Many of the children found it hard to wait their turn so Heather created power points with the massage plus the symbol for the matching stroke. This helped children with vision to wait calmly as they listened to the story and watched the associated images. “It also served as a memory prompt for the adult telling the story and reminded staff which strokes to use,” Heather says, “The children benefited from the increased repetition hearing the story several times. We use the same stories for at least half a term. We find this helps encourage anticipation and interaction.”
5. Positioning of pupils
Heather was concerned that it would be difficult to to get to children’s backs because of specialist seating. And there was not sufficient time for getting children out of chairs.
However, this hurdle was easily overcome when staff learnt to adapt strokes dependent on the child’s positioning. “We have had to consider what is acceptable for each child, linked to their chronological age, developmental age, physical development, disabilities and their preferences,” says Heather, “On one young girl, we currently use the strokes on the front of her body as well as on her limbs and head. But I am aware that this will not be possible for much longer as she physically develops.”
Heather has also introduced a bench into Green Class where those who are physically able can sit to have their Story Massage session.
6. Linking to the curriculum
This has worked well for Heather. “I have linked in to English, PHSE and Humanities through adapting existing stories or by writing my own,” she explains. You can see a video of Heather’s wonderfully creative massage story about the history of transport below.
7. Assessment and record-taking
At first, Heather began using a scoring grid for assessing responses to massage stories. However, Heather says that because they use their hands so much during Story Massage sessions, it proved very difficult and was also quite subjective. “It worked best for those children who worked with the same adult every time as there was increased consistency,”she explains, “We have found videoing was the most efficient method as it allows for more effective triangulation than photographs. We now have a stand for the iPad so that we are not reliant on a staff member for doing the videoing.”
And the results of the assessment process are below. This was gained through observation, photographs, video clips, assessment sheets and staff feedback forms.
Benefits of Story Massage for Pupils with PMLD
Heather says that members of staff all felt that the children enjoyed and have benefitted from positive touch activities through Story Massage in the following ways:
- They are calmer during and after the session.
- They are increasingly showing signs of anticipation (by tensing, breath holding, vocalising, smiling etc.).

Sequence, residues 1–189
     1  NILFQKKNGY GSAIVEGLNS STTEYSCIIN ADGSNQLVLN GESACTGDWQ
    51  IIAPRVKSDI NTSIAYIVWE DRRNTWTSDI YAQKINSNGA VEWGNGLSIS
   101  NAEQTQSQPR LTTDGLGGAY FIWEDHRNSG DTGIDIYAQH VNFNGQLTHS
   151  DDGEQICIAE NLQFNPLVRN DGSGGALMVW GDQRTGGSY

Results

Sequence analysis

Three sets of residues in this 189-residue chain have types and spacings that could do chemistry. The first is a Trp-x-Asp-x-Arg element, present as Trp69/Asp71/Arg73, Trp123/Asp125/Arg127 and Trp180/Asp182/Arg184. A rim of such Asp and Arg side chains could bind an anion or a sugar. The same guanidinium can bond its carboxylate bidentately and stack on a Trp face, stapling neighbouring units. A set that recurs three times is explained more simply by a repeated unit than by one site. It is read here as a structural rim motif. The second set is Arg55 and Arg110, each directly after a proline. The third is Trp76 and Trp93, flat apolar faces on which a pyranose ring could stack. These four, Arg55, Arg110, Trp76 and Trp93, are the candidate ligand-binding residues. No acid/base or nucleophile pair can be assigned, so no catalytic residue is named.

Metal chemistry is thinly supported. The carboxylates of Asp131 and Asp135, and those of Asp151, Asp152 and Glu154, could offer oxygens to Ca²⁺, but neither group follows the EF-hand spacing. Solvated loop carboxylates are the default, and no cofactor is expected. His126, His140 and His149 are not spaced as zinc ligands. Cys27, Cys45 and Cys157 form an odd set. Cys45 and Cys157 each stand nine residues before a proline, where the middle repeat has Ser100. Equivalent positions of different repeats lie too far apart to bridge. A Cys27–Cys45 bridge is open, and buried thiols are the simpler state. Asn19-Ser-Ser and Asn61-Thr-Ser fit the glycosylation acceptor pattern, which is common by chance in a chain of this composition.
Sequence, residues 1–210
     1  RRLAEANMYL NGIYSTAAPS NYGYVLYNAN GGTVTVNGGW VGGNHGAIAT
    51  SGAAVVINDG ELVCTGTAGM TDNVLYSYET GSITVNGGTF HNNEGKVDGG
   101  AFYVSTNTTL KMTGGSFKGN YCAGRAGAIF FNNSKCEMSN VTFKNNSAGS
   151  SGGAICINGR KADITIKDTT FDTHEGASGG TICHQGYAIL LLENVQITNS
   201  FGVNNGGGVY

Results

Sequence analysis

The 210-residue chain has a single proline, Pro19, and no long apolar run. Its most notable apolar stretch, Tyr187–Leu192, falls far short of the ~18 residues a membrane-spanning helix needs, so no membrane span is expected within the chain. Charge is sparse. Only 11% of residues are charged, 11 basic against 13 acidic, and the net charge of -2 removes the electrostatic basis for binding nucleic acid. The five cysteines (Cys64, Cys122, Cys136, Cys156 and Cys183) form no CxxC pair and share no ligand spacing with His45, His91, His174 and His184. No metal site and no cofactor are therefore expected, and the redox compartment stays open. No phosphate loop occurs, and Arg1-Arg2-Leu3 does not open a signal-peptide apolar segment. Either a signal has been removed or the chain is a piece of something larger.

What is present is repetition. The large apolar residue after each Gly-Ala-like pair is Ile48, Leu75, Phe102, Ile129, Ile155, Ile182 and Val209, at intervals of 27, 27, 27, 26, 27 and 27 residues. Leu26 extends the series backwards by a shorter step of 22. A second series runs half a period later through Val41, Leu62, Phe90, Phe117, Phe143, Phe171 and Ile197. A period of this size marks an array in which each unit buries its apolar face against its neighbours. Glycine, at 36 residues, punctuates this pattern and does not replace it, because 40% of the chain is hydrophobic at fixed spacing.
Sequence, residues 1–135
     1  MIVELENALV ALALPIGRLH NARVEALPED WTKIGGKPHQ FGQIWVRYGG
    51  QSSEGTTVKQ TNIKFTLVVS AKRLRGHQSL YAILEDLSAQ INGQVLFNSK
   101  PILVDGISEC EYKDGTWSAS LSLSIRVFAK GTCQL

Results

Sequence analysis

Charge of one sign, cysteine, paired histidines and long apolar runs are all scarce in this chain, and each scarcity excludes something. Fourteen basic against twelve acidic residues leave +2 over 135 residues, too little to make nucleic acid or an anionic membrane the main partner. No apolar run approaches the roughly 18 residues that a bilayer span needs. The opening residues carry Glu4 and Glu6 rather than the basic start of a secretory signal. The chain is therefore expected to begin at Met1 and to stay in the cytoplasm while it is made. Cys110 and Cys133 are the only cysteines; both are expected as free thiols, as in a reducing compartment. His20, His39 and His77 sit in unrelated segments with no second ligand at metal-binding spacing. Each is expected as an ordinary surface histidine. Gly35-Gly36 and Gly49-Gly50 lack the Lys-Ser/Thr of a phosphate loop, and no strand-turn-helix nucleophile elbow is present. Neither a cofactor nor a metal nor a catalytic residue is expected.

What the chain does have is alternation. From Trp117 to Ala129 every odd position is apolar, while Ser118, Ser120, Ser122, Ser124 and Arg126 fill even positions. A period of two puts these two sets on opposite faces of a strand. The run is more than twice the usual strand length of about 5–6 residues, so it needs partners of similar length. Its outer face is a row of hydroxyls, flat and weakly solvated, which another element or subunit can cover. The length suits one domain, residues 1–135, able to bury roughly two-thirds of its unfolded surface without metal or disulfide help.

- They are increasingly demonstrating preferences for strokes (using facial expressions, body movements, vocalisations etc.).
- They are more accepting of touch.
- Increasingly indicating they want ‘more’ to the adult through spoken word, supported signing, vocalisations etc.
- They are more responsive to the adult working with them.
- One girl in particular has been able to do it on an adult although she is not yet ready to work with another child. She has also started to try and ‘tell’ the story with the lead adult.
More about Story Massage
Story Massage combines the benefits of positive, respectful touch with the creativity and engagement of storytelling. Ten simple massage strokes form the basis of the Story Massage programme. These strokes have a child friendly name, such as The Circle or The Sprinkle, and an easy to recognise symbol making it accessible for all. It is a fully inclusive activity, no clothing is removed and no oil is used. Stories can be taken from our Story Massage book, adapted from favourite stories or songs. or you can even create your own stories like Story Massage in Green Class!
Would you like to train in Story Massage?
Are you inspired by the way that Heather is using sensory stories with children with PMLD? Would you like to train to use Story Massage in your work or home? We run a one day accredited training courses held around the country for individuals and groups. These days can also be organised as in-house training sessions. And we have a new online training option.
We teach you how to share the ten Story Massage strokes and work with you to adapt familiar stories and even create some sensory stories of your own. Ideal for teachers, SEN staff, support staff, therapists, Early Years practitioners, those working with people with additional needs, Baby Massage Instructors, Relax Kids Coaches… everyone with an interest in sharing positive touch activities with children. All the information is here: Story Massage Training